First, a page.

The minutes reported that an “emergency meeting” was held in Dublin with two senior professors from the CPSP. “It was agreed that CPSP trainees must return to Pakistan for a period of at least 12 months after completion of the CPSP programme.
“Formal communication has been issued to all training sites of this decision. Other measures of control were also discussed and will be explored further with all stakeholders. A number of Irish consultants were believed to be encouraging CPSP trainees to stay and work in Ireland. It is important that training bodies communicate the principle to all their trainers.”
This meeting heard that the HSE had issued “clear communication” to hospital sites “not to employ CPSP trainees, etc” after programme completion. “A number of hospital consultants were still encouraging IMG trainees to stay in Ireland and not return to their sponsoring country. It was important that training bodies sought the support of their trainers in following the IMGTI principles.”
In October, a meeting of the IMGTI Joint Committee was informed that nine CPSP trainees who completed the programme in July 2016 “have returned to Ireland and are currently working in Irish hospital sites. HSE NDTP [National Doctors Training and Planning] was working hard to instruct those sites to withdraw the offers of employment. This was proving difficult, as the CPSP trainees were getting mixed messages to [sic] both Irish consultant supervisors and medical administration.”
However, a broad satisfaction with the IMGTI among stakeholders was evident from the meeting minutes, albeit with room for improvement.
The meeting of the IMGTI Joint Committee in September featured a presentation from public health medicine specialist and RCSI academic Prof Ruairi Brugha on the IMGTI “as a case study of managed migration under the auspices of the World Health Organisation”. In-depth interviews with 18 past and present CPSP trainees and 10 stakeholders had been conducted. Trainees’ motivation to undertake the programme, their expectations and experience, professional support, opportunities and future plans were covered.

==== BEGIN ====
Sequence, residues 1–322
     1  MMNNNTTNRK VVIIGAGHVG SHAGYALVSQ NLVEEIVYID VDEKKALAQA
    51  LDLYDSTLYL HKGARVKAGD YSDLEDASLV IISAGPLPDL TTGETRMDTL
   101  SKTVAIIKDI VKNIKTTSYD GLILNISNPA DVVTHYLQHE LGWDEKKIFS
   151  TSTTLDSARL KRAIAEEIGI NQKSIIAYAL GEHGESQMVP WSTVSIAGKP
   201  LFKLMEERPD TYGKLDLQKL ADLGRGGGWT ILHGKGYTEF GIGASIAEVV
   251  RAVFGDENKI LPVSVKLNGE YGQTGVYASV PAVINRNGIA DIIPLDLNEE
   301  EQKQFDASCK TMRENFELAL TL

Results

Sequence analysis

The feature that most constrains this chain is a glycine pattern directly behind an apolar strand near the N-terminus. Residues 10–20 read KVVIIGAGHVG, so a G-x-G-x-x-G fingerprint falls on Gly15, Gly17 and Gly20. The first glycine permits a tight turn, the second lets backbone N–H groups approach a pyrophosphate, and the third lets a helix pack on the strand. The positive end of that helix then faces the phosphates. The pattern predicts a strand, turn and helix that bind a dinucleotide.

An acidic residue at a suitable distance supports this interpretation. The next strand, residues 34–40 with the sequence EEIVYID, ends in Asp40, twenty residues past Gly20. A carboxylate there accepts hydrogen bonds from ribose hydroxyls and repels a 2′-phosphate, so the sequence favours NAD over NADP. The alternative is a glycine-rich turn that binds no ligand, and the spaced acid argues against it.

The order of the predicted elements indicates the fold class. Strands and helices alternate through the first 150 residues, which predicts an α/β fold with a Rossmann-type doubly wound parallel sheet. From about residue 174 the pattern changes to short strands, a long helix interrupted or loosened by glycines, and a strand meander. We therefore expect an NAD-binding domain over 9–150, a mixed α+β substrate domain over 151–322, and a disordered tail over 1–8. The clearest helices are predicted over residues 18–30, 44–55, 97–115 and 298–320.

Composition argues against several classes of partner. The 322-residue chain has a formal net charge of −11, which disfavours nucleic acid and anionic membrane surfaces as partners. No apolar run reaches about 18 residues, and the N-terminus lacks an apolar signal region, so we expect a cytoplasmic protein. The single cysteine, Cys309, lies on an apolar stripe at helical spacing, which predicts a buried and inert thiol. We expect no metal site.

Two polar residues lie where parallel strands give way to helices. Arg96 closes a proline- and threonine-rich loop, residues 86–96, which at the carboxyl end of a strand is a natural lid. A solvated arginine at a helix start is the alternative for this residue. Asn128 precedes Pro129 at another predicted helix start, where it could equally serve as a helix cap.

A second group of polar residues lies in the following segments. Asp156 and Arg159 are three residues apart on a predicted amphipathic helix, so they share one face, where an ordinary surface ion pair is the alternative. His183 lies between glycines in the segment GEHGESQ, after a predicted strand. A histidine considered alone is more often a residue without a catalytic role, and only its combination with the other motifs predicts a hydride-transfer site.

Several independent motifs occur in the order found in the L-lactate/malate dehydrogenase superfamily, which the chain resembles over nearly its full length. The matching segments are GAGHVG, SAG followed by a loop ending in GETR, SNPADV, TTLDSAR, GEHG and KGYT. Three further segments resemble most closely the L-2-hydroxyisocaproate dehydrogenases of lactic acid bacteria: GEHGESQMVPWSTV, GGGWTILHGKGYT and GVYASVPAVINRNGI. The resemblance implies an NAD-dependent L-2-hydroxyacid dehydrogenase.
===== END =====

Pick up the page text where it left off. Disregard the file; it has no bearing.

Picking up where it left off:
“Overall, trainees found the experience positive, more so in tertiary hospitals, and felt the governance, structures and efforts have been positively viewed.” Areas for “improvement” were noted as the “hierarchy within NCHD system BST/HST”, “programme preparation from Pakistan not as advanced”, the requirement for longer orientation, as well as provision of “more practical hands-on experience” and more tertiary hospital experience.
Results of an exit survey of CPSP IMGs, who trained under the RCSI and RCPI, were discussed at the October meeting. There were a number of areas for further consideration, including: Training bodies providing comprehensive information on the curricula and requirements of the training programme in advance of the trainee’s arrival; and that hospital sites be informed of the feedback related to them.